"Women's rights are human rights." The words are relevant today, but they could just as easily have been used by Elizabeth Cady Stanton at Seneca Falls in 1848. Or Susan B. Anthony when she was arrested for voting in 1872. Or Alice Paul when she was imprisoned and tortured for peacefully protesting outside the White House in 1917.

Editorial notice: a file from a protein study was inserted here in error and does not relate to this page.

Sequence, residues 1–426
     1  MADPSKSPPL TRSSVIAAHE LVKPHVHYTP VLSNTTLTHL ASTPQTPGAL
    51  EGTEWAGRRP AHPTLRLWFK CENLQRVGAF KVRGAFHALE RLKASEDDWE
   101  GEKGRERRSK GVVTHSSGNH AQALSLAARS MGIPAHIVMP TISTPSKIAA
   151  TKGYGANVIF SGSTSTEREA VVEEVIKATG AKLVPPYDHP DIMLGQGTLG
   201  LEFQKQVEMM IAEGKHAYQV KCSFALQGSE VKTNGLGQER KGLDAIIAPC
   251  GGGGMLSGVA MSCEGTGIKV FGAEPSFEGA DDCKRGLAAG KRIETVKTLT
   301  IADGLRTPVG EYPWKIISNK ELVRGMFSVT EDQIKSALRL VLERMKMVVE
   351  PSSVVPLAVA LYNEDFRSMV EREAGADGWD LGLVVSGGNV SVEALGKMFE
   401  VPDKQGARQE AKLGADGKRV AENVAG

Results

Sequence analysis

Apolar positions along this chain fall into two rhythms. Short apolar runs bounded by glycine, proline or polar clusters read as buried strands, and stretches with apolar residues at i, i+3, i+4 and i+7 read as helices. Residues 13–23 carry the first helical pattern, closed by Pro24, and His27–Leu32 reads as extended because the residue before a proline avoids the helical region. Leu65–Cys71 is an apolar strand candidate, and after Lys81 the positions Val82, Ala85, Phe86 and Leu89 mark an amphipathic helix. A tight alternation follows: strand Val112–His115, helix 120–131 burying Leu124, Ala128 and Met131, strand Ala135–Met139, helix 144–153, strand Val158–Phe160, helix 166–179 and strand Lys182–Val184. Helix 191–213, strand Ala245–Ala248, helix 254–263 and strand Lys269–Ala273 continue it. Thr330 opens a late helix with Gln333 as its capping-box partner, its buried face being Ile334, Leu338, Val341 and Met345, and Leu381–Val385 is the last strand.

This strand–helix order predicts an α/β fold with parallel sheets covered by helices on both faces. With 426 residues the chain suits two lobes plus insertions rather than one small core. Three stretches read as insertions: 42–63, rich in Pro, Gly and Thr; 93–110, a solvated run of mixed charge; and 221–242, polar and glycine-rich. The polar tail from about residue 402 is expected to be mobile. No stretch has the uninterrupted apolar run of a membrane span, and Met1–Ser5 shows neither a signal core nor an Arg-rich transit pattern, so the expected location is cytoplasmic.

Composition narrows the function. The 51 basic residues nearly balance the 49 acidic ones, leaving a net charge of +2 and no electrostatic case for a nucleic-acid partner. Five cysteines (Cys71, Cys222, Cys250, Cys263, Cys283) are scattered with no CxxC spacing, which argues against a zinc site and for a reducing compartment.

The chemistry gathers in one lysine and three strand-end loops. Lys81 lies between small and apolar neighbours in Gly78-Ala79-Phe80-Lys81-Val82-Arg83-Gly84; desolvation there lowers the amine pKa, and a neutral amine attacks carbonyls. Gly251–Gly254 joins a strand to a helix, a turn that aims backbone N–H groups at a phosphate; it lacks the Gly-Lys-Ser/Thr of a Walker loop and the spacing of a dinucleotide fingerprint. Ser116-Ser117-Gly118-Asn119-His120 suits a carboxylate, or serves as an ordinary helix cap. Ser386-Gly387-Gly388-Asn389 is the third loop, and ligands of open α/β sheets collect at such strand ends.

The story of women's suffrage is epic. For over seventy years, heroic women risked their lives for the cause, knowing they likely wouldn't live to cast a vote. At a time when sexism was inherent in daily life, these women (and a few men) created a movement and fought for it passionately until the vote on the 19th amendment was finally called in 1920. It passed without a vote to spare. This under-explored history resonates now more than ever, and will remind readers that ordinary citizens and peaceful protest can effect lasting change.